The restaurant, founded in 2004, has 26 other locations across 15 states with over 120 more locations on the way. Rush Bowls is one of many brands in a growing market of stores geared toward offering popular health foods like açaí bowls.
Husband and wife duo Ted and Elizabeth Bachmeier are co-owners of the new Phoenix store. They own two other Rush Bowls locations in Texas and wanted to expand to Phoenix, where they hope to eventually retire.
Ted Bachmeier said opening a store in Phoenix will give them the chance to cater to a specific audience.
“We do best around college kids and young professionals so (we) wanted to be downtown or near Tempe,” Ted Bachmeier said. “(Our broker) found four or five sites and this is the one we liked the most and this is what we decided to do.”
The menu includes around 40 bowls and smoothies that are full meal replacements and typically contain less than 500 calories each. Ted Bachmeier said the store can also adapt its menu items to fit specific dietary needs like keto, wheat-free and soy-free.
“It's a very healthy option with all kinds of nutrients in it ... so they hopefully get a fast, friendly environment with good, healthy food that matches their restrictions and helps to lead a healthy lifestyle,” Ted Bachmeier said.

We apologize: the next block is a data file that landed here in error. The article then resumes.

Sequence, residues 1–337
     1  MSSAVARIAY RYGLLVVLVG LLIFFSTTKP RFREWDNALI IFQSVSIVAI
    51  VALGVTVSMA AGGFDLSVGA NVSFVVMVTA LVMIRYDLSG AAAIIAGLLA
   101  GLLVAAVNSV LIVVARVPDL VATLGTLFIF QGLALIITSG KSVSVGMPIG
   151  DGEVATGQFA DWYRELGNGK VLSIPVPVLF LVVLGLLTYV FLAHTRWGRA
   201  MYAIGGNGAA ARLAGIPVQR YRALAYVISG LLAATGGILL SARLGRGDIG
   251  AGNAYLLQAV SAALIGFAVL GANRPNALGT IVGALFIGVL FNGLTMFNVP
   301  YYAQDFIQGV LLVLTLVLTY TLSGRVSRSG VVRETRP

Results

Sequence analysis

Some students who attend ASU's Downtown Phoenix campus said healthy dining options are generally lacking, and the few existing choices are too expensive to take advantage of regularly.
Olivia Cosmi, a freshman studying criminology, said she eats the same things at the Taylor Place dining hall almost every day. The daily meal swipe she is allotted gives her a limited amount of appealing choices, she said.
“I feel like there could be a bigger variety of food because it's almost the same food where the pasta section is and everything is almost the same every day,” Cosmi said.
She said she likes the idea of having healthier and more affordable options close to campus, especially if they accept Maroon and Gold dollars.
“One (restaurant) that would really blow up is one that offers M&G as well, because I only get one meal a day here so a lot of my food is from using M&G and that would honestly be a much healthier alternative for me,” Cosmi said.
Ted Bachmeier said that because of qualifications and applications, it could take around 60 days after the store opens to know whether his location will one day accept M&G as a form of payment. He said he is confident the store will accept M&G in the future.
Janae Wade, a freshman studying community health, wants to see more healthy options around the Downtown Phoenix campus and, regardless of payment methods, is looking forward to trying Rush Bowls when it opens.
“My friends and I were just doing a fasting thing last week, so that would be perfect for me to try,” Wade said. “I just want healthier options.”
Rush Bowls will cater events, and Ted Bachmeier said he and Elizabeth Bachmeier hope to get involved in the Phoenix community.
“My wife has a huge heart for giving and giving back,” Ted Bachmeier said. “So we do a ton of philanthropy type efforts down in Dallas, so anything that we can help with and can help partner with people, we'd love to do that too.”